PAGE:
A Georgia appellate court recently held that a policy definition of “residence premises” is ambiguous, requiring a construction of the policy in favor of coverage. Lee v. Mercury Ins. Co. of Ga., et al., 808 S.E.2d 116 (Ga. Ct. App. 2017).

The insured made a claim under his insurance policy for damage to insured premises as a result of a fire loss. The insured lived with his wife elsewhere, but owned and paid the mortgage payments for the insured residence. The insurer denied the claim, and the insured filed a breach of contract suit. The insurer moved for summary judgment alleging that the insured failed to reside at the insured residence as required by the policy. The insured cross-moved for summary judgment, asserting he was entitled to judgment in his favor on the issue of coverage under the terms of the policy. The trial court granted the insurer’s motion for summary judgment. The insured appealed.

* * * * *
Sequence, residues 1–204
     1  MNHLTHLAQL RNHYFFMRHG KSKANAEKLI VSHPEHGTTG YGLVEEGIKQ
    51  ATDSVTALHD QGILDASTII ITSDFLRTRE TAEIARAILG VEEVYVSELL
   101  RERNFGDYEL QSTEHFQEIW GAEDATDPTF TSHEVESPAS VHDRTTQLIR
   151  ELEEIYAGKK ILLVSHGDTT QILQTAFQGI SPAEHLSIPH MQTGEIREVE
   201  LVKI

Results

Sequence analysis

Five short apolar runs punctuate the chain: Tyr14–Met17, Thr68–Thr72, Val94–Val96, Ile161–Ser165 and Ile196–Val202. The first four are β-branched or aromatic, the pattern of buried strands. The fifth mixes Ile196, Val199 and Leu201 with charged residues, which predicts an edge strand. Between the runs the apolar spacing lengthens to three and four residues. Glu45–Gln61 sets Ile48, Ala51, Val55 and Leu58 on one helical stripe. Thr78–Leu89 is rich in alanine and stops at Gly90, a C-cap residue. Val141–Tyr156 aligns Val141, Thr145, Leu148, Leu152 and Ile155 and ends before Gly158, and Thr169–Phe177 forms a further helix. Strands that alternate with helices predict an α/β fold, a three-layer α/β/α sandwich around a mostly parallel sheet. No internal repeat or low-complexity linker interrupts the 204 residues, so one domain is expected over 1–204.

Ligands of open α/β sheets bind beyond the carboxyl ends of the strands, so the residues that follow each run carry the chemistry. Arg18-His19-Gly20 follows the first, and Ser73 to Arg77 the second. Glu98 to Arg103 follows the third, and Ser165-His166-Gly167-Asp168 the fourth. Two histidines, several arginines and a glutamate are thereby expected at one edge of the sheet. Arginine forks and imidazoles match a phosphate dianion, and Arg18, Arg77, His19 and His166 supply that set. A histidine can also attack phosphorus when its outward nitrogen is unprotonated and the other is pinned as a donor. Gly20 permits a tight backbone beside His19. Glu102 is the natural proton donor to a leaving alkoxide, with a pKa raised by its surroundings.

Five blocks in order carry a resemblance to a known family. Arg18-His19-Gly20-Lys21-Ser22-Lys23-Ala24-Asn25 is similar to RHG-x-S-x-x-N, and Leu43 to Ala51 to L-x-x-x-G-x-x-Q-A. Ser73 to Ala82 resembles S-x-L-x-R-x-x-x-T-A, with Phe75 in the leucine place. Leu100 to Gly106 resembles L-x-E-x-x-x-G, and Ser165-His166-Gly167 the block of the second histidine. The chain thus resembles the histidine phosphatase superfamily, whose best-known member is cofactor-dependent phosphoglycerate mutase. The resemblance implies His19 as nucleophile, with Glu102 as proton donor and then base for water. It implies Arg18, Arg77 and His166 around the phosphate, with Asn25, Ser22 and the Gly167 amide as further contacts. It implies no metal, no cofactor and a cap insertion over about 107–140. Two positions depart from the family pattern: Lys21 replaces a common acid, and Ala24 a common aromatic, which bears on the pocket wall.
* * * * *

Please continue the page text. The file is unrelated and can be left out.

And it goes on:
On appeal, the insured argued that the policy provisions expressly cover the loss at the insured residence and the insured residence qualified for coverage under the policy terms. The appellate court noted that the policy definition of “residence premises” is ambiguous, thereby requiring construction of the policy in favor of coverage and precluding summary judgment in favor of the insurer. The term “residence premises” was defined as “one, two, three or four family dwelling, condominium or rental unit, other than structures and grounds, used principally as a private residence; where you reside and which is shown in the Declarations.” The appellate court held that the placement of the semicolon in the definition of “residence premises,” the policy’s lack of definition of the term “reside,” and the lack of an express condition requiring the insured to reside only at the insured premises creates an ambiguity precluding summary judgment in favor of the insurer. The appellate court reversed.